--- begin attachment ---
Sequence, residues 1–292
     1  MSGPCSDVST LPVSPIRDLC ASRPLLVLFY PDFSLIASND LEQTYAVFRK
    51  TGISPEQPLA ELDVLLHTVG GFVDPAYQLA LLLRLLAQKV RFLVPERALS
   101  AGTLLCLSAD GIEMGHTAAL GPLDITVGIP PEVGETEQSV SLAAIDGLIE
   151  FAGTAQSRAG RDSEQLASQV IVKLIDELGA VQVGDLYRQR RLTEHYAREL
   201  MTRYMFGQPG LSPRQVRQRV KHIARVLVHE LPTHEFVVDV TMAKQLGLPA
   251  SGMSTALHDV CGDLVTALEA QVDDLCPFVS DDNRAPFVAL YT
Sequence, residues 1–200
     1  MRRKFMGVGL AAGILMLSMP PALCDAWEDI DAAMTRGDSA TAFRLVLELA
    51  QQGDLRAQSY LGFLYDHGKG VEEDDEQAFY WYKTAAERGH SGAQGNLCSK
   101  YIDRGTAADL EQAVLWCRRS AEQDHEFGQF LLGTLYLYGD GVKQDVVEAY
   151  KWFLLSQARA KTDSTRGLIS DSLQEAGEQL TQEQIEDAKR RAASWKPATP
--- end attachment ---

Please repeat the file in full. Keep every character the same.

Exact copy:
Sequence, residues 1–292
     1  MSGPCSDVST LPVSPIRDLC ASRPLLVLFY PDFSLIASND LEQTYAVFRK
    51  TGISPEQPLA ELDVLLHTVG GFVDPAYQLA LLLRLLAQKV RFLVPERALS
   101  AGTLLCLSAD GIEMGHTAAL GPLDITVGIP PEVGETEQSV SLAAIDGLIE
   151  FAGTAQSRAG RDSEQLASQV IVKLIDELGA VQVGDLYRQR RLTEHYAREL
   201  MTRYMFGQPG LSPRQVRQRV KHIARVLVHE LPTHEFVVDV TMAKQLGLPA
   251  SGMSTALHDV CGDLVTALEA QVDDLCPFVS DDNRAPFVAL YT
Sequence, residues 1–200
     1  MRRKFMGVGL AAGILMLSMP PALCDAWEDI DAAMTRGDSA TAFRLVLELA
    51  QQGDLRAQSY LGFLYDHGKG VEEDDEQAFY WYKTAAERGH SGAQGNLCSK
   101  YIDRGTAADL EQAVLWCRRS AEQDHEFGQF LLGTLYLYGD GVKQDVVEAY
   151  KWFLLSQARA KTDSTRGLIS DSLQEAGEQL TQEQIEDAKR RAASWKPATP